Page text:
Google's update for Android, its mobile software for smartphones and tablets, officially has a name: Marshmallow.
The software, previously only referred to as Android M, was announced in May during Google I/O, the search giant's annual developer conference.
The moniker follows Google's whimsical naming convention for new versions of Android. The company typically names its software updates alphabetically and after sweets. For example, the most current version of Android is named Lollipop, and the one before that was KitKat.to be released this fall.
But while the names are silly, Android is serious business for Google. The software powers more than 80 percent of the world's smartphones, from manufacturers including Samsung, HTC and Motorola. The software is also a gateway for Google to get people to use the company's services -- like search, maps and video site YouTube -- on their phones.
The software update will have some key new features. Android Pay, a revamped mobile payments service, will let people pay for goods both in apps and at retail stores using their phones. Google has been working on mobile payments for the past few years with a service called Google Wallet. The feature -- which will continue to exist but has changed its focus to letting people make money transfers in small amounts -- initially never caught on with consumers.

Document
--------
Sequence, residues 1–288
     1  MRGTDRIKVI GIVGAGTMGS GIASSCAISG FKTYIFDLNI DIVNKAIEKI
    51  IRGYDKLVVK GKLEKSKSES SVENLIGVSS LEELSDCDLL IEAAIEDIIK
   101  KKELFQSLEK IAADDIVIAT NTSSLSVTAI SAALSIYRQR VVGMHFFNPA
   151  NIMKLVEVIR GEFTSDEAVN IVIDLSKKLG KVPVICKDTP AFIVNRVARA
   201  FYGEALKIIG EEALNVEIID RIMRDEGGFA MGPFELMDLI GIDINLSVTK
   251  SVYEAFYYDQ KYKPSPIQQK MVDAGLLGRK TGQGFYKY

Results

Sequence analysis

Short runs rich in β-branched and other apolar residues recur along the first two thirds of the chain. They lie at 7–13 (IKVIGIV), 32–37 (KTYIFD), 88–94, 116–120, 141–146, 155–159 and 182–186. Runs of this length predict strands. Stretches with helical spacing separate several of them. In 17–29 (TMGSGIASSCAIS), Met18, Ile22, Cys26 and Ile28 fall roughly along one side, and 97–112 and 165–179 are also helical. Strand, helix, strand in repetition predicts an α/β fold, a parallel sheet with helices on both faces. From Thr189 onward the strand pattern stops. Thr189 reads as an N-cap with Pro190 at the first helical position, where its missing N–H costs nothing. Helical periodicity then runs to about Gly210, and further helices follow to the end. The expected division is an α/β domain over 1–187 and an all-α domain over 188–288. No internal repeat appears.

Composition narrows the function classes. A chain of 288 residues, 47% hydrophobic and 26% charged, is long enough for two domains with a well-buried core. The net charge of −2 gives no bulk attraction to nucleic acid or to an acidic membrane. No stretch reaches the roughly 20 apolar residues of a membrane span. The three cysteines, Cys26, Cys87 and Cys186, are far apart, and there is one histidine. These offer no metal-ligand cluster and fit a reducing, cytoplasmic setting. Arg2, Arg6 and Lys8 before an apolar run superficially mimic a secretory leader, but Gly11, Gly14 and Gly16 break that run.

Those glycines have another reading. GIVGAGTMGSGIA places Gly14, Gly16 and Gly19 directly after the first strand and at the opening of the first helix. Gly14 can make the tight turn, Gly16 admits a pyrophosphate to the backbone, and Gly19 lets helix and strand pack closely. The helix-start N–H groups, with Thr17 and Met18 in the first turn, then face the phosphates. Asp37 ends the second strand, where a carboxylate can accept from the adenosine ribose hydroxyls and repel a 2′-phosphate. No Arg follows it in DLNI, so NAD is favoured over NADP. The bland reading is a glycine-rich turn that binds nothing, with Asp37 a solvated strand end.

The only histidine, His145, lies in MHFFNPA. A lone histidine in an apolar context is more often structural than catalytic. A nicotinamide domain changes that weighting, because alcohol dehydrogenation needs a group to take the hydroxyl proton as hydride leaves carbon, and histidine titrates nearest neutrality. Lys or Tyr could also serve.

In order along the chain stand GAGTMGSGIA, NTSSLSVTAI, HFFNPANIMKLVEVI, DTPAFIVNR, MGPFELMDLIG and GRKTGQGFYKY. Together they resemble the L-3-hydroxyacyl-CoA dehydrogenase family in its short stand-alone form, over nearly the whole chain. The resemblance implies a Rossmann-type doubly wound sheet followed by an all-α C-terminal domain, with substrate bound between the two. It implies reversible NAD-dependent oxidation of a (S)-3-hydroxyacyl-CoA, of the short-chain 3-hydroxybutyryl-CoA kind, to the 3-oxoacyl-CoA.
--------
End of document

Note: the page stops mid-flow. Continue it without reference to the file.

Android Marshmallow will also include a new feature for the search giant's digital assistant Google Now, called Now On Tap. The feature lets you access Google Now by holding the home button on your phone, similar to what Apple lets you do with its own assistant, Siri. With Now on Tap, Google reaches into its trove of data on users to give them useful information based on what they are doing at the time. That includes understanding what email you're reading or knowing what dry cleaner you use.
But while Google announces its Android updates with much fanfare, it will take awhile for most Android users to start using the software. As of the first week of August, onlyof Android users were using the most current available version of the software, Lollipop. The vast majority of Android users, about 73 percent, are using KitKat and Jellybean, two older versions of the software. The challenge, which observers often refer to as "fragmentation," often comes from handset manufacturers being slow to push out updates.
By comparison, Apple's iOS 8, which was released in September and powers iPhones and iPads, is on 85 percent of Apple's devices.